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      Characterization of Soft Tooling Photopolymers and Processes for Micromixing Devices with Variable Cross-Section

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          Abstract

          In this paper, we characterized an assortment of photopolymers and stereolithography processes to produce 3D-printed molds and polydimethylsiloxane (PDMS) castings of micromixing devices. Once materials and processes were screened, the validation of the soft tooling approach in microfluidic devices was carried out through a case study. An asymmetric split-and-recombine device with different cross-sections was manufactured and tested under different regime conditions (10 < Re < 70). Mixing performances between 3% and 96% were obtained depending on the flow regime and the pitch-to-depth ratio. The study shows that 3D-printed soft tooling can provide other benefits such as multiple cross-sections and other potential layouts on a single mold.

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          Most cited references 51

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          Objective comparison of particle tracking methods

          The first community competition designed to objectively compare the performance of particle tracking algorithms provides valuable practical information for both users and developers. Supplementary information The online version of this article (doi:10.1038/nmeth.2808) contains supplementary material, which is available to authorized users.
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            3D printed microfluidic devices: enablers and barriers.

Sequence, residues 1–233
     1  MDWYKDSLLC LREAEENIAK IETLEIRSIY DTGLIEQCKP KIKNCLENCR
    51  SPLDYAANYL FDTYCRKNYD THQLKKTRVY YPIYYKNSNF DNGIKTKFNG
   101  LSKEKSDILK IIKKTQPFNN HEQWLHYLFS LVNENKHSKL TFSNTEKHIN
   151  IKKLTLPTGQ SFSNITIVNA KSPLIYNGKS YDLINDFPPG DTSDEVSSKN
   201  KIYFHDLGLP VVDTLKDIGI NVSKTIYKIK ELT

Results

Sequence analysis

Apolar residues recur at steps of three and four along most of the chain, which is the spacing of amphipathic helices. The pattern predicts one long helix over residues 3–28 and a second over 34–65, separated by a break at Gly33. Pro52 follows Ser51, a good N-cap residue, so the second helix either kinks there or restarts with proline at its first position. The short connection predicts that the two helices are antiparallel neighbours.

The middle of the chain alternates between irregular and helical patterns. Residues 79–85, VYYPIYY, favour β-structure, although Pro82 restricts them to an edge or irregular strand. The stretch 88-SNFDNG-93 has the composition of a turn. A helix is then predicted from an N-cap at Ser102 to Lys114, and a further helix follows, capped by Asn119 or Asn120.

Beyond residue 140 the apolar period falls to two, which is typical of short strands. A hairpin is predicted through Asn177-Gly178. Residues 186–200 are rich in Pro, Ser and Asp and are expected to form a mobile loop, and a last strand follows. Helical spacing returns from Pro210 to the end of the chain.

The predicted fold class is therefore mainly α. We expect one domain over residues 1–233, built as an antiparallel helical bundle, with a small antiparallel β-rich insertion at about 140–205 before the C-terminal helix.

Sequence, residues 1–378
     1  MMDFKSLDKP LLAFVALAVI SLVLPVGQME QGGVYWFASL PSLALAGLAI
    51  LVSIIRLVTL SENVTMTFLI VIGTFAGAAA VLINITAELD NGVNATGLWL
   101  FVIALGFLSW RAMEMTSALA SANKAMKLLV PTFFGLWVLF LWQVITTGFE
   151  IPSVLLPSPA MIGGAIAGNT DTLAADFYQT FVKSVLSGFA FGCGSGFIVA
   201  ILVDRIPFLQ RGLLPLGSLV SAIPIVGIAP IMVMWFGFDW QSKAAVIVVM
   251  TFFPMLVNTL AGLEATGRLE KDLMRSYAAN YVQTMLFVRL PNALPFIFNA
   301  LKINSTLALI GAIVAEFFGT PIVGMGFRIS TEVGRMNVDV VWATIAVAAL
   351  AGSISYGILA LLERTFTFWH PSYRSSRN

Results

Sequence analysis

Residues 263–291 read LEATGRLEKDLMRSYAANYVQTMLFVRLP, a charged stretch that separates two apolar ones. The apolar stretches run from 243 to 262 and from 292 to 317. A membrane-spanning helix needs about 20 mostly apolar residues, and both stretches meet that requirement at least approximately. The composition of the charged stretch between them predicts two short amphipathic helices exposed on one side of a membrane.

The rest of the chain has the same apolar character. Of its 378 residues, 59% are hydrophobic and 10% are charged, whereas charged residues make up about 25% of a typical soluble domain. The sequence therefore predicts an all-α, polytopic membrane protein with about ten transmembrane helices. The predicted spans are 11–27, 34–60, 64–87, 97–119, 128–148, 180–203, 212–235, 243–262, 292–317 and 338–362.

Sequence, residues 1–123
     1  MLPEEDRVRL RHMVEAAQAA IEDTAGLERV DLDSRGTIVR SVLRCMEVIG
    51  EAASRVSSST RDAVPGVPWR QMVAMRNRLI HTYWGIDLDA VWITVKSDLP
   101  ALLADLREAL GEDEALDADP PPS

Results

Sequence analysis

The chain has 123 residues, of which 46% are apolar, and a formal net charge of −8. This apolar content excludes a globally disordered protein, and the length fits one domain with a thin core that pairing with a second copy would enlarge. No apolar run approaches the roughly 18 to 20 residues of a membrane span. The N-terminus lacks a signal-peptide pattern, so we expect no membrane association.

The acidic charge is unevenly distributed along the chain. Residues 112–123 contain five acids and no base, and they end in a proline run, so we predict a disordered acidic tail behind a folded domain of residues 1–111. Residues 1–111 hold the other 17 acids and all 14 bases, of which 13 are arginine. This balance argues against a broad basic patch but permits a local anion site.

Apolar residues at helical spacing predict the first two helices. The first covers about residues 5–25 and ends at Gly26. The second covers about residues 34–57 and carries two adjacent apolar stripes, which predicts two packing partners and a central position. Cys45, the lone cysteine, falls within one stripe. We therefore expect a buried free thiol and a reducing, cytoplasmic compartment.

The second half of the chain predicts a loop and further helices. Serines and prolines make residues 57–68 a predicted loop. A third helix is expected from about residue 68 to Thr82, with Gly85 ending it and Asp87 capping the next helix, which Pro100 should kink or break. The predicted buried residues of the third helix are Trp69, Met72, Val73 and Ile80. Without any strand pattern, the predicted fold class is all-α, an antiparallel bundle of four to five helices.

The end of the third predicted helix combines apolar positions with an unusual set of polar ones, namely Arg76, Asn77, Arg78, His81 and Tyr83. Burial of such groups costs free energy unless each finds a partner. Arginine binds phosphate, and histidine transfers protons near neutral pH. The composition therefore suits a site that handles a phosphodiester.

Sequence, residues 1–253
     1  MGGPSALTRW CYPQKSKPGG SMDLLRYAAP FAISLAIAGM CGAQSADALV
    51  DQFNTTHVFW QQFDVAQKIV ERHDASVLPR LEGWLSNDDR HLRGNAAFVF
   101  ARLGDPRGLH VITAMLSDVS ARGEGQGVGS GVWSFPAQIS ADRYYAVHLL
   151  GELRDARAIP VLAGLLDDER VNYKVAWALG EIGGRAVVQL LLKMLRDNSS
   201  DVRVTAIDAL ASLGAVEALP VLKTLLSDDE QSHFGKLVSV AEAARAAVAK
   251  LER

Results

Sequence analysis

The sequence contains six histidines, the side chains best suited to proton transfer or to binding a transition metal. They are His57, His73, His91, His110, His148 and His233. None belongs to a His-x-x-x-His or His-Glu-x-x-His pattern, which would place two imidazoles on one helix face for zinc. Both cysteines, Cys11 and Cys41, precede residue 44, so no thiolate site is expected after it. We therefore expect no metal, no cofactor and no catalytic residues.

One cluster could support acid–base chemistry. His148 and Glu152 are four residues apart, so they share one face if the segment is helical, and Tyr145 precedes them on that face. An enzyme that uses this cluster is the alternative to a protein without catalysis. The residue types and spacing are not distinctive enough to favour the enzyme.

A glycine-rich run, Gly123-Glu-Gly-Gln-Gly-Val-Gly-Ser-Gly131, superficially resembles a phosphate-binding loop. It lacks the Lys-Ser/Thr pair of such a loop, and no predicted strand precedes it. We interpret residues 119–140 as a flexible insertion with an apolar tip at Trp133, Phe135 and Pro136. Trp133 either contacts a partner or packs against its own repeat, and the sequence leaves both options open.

3D printing has the potential to significantly change the field of microfluidics. The ability to fabricate a complete microfluidic device in a single step from a computer model has obvious attractions, but it is the ability to create truly three dimensional structures that will provide new microfluidic capability that is challenging, if not impossible to make with existing approaches. This critical review covers the current state of 3D printing for microfluidics, focusing on the four most frequently used printing approaches: inkjet (i3DP), stereolithography (SLA), two photon polymerisation (2PP) and extrusion printing (focusing on fused deposition modeling). It discusses current achievements and limitations, and opportunities for advancement to reach 3D printing's full potential.
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              RAPID MANUFACTURING AND RAPID TOOLING WITH LAYER MANUFACTURING (LM) TECHNOLOGIES, STATE OF THE ART AND FUTURE PERSPECTIVES

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                Author and article information

                Journal
                Micromachines (Basel)
                Micromachines (Basel)
                micromachines
                Micromachines
                MDPI
                2072-666X
                29 October 2020
                November 2020
                : 11
                : 11
                Affiliations
                [1 ]Tecnologico de Monterrey, Escuela de Ingeniería y Ciencias, Monterrey 64849, Mexico; habc-8@ 123456hotmail.com (H.A.B.C.); A00831116@ 123456itesm.mx (L.D.C.I.); elisa.vazquez@ 123456tec.mx (E.V.); A00825462@ 123456itesm.mx (E.A.N.); christian.mendoza@ 123456tec.mx (C.M.-B.)
                [2 ]Laboratorio Nacional de Manufactura Aditiva y Digital (MADiT), Apodaca, Nuevo Leon 66629, Mexico
                [3 ]Centro de Investigación Numericalc, 5 de mayo Oriente 912, Monterrey 64000, Mexico; alex@ 123456numericalc.org
                [4 ]Department of Mechanical Engineering, University of North Texas, 3940 N. Elm. St., Denton, TX 76207, USA; Hector.Siller@ 123456unt.edu
                Author notes
                [* ]Correspondence: israel.mtz@ 123456tec.mx (J.I.M.-L.); ciro.rodriguez@ 123456tec.mx (C.A.R.); Tel.: +52-81-8358-2000 (J.I.M.-L.)
                Article
                micromachines-11-00970
                10.3390/mi11110970
                7692576
                33138263
                © 2020 by the authors.

                Licensee MDPI, Basel, Switzerland. This article is an open access article distributed under the terms and conditions of the Creative Commons Attribution (CC BY) license ( http://creativecommons.org/licenses/by/4.0/).

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